From local to national levels of government around the world, there was a slew of legislative activity in the privacy and data protection space in 2023. And 2024 shows no signs of slowing down. The legislative and regulatory landscape will be even more complex in 2024 as some countries work to implement laws finalized last year — such as India’s Personal Data Protection Law — while others launch or continue discussions around potential privacy legislation. Artificial intelligence will be top of mind, too, as governments and regulators consider how to best rein in the burgeoning technology — such as the proposed EU AI Act — and privacy pros work to determine the intersection between AI governance and data protection.
For an on-the-ground look at what lies ahead for 2024, the IAPP gathered insights from privacy professionals in 56 countries around the globe.
France predictions by Cécile Martin, Managing Partner – Ogletree Deakins
France’s data protection authority, the Commission nationale de l’informatique et des libertés, outlined three areas of focus within its 2022-24 strategic plan, given new challenges presented by the increasing digitization of our society.
The CNIL will focus on promoting better control and respect for people’s rights in the privacy field. It intends to act on several fronts in France, but also at the European level. While the CNIL plans to locally increase its communication efforts and publish tools to facilitate this exercise, it also seeks to reinforce the effectiveness of individuals’ rights and organizations’ compliance with the GDPR by implementing a dissuasive and proportionate repressive policy within tighter deadlines. To this end, the CNIL is adapting its control, formal notice and sanction procedures. In addition, the regulator intends to increase the effectiveness of the “one-stop shop” mechanism and pushes for concerted actions within the EDPB.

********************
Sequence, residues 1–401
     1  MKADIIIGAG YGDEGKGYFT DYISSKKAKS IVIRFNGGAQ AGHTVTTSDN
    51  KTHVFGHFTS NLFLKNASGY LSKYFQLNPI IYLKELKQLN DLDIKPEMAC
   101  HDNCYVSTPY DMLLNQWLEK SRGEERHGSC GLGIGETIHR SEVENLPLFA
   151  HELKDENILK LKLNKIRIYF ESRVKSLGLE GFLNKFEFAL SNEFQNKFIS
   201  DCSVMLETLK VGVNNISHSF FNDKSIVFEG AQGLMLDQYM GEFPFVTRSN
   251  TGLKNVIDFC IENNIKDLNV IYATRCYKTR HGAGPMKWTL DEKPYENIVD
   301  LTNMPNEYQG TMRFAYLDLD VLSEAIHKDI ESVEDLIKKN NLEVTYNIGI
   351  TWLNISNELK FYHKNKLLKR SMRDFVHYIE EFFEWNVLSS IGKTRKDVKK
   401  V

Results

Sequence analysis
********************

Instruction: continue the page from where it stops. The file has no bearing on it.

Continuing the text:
Promoting the GDPR as an asset of trust for companies will be the CNIL’s second area of focus. One of the tools the CNIL underlines to reinforce the efficiency of the GDPR is the certification and code of conduct process. According to the CNIL, these tools are powerful given they enable controllers to take charge of compliance in a way that is adapted to their specificities. Furthermore, being conscious that cybersecurity is at the heart of digital confidence and cybercrime is on the rise, the CNIL will strengthen its role in the public authorities’ response to cyber risk.
Lastly, the CNIL will prioritize targeted regulatory actions on subjects with high stakes for privacy. The CNIL selected three priority themes: augmented cameras and their uses, the cloud, and smartphone applications. With the accelerated development of AI, the CNIL aims to extend its work in generative AI to large language models and derived applications, notably chatbots. Its AI action plan will focus on understanding how AI systems work and their impact on people, enabling and overseeing the development of AI that respects privacy, federating and supporting innovative players in the AI ecosystem in France and Europe, and audit and control of AI systems and protecting individuals.
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IAPP – International Association of Privacy Professionals
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